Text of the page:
Coronavirus: an unexpected challenge for National Grid

With global lockdown now the ‘norm’ for industry and individuals, the UK’s National Grid faces the surprising challenge of too little demand.

With manufacturing, hotel and hospitality and education sectors all running at a minimum for at least the next couple of months, the National Grid is seeking solutions to a problem it could have least expected at the start of the Coronavirus Pandemic – the prospect of too little demand. 

In its Summer Outlook report 2020, the National Grid ESO highlights a “unprecedented change to the behaviour of electricity consumers”, noting that electricity demand has already reduced.

The primary reason is that, with the majority of the UK’s population staying at home, daily domestic demand is still significantly lower than energy use from industrial and commercial activities.

The result is a projected reduction in daytime demand of as much as 20% against normal levels. By mid-April, the report states, demand was already somewhere between ‘medium impact’ and ‘high impact’ status.  The worst-case scenario could see demand of just 25.7GW in high summer, against the usual 32.1GW required nationally.

The challenge, therefore, is not the ability to supply electricity, but to be able to do so reliably.  Low demand means a challenge in balancing frequency and regulating voltages.  Quoted in The Guardian, National Grid’s Control Room Head, Roisin Quinn, stated: “The assumption will be that lower demand makes it easier for us to do our job, with less power needed overall and therefore less stress on the system. In fact, as system operator, it’s just as important for us to manage lower demand for electricity as it is to manage the peaks.”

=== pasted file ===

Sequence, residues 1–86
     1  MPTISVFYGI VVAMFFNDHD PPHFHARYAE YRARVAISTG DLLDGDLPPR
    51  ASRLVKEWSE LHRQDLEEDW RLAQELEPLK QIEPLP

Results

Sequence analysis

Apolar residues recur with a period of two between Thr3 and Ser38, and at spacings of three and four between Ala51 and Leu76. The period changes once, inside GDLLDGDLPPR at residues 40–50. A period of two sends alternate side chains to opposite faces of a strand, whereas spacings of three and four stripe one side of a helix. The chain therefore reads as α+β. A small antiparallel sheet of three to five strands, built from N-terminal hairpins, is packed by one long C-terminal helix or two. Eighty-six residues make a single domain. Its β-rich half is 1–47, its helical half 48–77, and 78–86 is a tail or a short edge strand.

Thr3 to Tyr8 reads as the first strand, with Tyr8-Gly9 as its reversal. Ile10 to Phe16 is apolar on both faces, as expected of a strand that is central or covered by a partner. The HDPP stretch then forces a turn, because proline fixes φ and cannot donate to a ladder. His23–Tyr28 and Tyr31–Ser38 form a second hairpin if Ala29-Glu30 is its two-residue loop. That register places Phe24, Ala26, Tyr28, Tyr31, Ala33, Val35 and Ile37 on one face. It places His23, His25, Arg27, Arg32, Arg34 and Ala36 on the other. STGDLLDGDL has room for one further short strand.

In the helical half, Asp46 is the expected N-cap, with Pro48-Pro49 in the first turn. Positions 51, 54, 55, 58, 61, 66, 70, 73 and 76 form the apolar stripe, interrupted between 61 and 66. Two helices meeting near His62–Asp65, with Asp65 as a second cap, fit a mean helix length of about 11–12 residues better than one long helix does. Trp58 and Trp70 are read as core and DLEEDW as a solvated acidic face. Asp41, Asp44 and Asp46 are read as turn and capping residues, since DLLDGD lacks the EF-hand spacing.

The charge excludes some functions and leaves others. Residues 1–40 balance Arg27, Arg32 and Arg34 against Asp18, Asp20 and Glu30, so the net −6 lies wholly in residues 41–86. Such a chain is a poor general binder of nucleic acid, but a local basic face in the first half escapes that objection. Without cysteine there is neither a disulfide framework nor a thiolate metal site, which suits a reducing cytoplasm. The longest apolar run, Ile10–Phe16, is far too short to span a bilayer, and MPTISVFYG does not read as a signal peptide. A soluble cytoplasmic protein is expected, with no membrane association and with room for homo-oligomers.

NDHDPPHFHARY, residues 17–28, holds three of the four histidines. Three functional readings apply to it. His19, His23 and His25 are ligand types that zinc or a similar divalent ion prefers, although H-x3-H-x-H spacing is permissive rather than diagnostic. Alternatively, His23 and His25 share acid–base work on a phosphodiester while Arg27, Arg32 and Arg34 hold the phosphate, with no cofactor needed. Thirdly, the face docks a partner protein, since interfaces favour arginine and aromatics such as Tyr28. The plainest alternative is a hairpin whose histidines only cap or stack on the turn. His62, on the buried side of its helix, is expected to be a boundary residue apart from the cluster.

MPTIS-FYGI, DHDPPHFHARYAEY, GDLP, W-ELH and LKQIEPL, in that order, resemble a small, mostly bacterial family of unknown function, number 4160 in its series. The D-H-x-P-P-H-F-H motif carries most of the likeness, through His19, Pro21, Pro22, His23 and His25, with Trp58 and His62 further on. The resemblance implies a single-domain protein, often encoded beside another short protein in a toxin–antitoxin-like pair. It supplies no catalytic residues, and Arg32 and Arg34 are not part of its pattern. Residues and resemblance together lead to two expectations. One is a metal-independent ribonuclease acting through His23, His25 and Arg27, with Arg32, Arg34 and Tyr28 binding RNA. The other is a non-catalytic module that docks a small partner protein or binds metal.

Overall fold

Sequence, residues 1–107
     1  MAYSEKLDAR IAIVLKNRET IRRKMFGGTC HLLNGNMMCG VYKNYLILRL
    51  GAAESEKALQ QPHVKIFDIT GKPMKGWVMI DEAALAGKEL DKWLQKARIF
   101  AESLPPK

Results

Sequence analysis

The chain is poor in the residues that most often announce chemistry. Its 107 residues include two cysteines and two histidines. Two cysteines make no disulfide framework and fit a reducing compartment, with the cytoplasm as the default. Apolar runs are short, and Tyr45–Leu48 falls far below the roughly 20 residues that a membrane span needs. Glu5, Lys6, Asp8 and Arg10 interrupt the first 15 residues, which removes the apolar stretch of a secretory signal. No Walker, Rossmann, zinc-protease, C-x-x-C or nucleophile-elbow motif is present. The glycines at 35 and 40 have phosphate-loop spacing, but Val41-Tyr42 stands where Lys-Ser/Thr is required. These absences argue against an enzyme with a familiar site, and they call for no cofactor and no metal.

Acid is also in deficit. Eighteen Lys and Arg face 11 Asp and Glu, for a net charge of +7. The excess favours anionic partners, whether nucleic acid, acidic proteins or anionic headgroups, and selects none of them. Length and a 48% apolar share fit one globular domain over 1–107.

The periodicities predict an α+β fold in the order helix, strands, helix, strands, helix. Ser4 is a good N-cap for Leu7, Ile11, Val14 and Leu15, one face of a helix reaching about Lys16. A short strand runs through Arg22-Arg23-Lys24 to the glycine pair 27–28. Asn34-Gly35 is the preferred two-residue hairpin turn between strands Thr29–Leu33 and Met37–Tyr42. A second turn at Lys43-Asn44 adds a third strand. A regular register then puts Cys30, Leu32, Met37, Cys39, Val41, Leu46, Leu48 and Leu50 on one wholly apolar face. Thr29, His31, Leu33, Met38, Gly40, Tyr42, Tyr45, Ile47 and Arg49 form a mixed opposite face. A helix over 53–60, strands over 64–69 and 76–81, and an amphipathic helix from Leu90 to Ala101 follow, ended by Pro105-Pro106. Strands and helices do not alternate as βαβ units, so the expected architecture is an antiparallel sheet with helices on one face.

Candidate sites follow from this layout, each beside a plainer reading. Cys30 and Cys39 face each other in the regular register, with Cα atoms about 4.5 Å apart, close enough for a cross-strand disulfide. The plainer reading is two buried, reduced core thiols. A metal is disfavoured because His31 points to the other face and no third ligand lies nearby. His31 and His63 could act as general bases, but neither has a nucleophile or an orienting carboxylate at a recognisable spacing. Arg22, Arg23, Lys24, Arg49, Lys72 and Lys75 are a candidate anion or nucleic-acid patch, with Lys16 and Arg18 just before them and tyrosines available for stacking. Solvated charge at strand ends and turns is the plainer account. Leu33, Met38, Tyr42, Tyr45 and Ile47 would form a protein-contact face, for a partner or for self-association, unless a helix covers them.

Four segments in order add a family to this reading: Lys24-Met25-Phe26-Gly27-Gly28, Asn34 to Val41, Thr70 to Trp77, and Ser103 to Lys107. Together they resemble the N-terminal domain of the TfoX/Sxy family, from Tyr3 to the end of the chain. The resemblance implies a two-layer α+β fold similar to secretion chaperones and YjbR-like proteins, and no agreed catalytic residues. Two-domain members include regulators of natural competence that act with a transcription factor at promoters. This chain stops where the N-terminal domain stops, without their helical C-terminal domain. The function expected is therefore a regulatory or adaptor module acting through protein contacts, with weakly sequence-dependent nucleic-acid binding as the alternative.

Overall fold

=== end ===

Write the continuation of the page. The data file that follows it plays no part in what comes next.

The sunny weather across the UK for much of the lockdown period so far has certainly helped solar power generation, but is less beneficial for National Grid, which needs to focus on the most flexible and responsive power sources.  As a result, it is looking at a range of solutions from gas generation plants, to hydro-electric pumped storage, and cutting imports from Europe.

As the May Bank Holiday approached, National Grid is understood to have appealed to Ofgem for emergency powers to shut down both solar and wind production to prevent grid overload on a day when demand was expected to be particularly low.

Regulatory measures may also be an option, including contracts that “ensure minimum profitability” to retain generation, or the Balancing Mechanism to purchase reactive power.

Should the situation become critical, the ESO states: “we may also need to issue a local or national Negative Reserve Active Power Margin (NRAPM). To date a limited number of local NRAPMs have been issued, but none at a national level.”  

Meanwhile National Grid continues day-to-day operations under challenging conditions.  In order to maintain its control room in the West Midlands, the organisation set up sleeping pods to house staff and maintain social distancing.  With a total capacity of 68, the pods - created from portable cabins – were made to feel as homely as possible as the first staff were asked to occupy them over the Easter Weekend.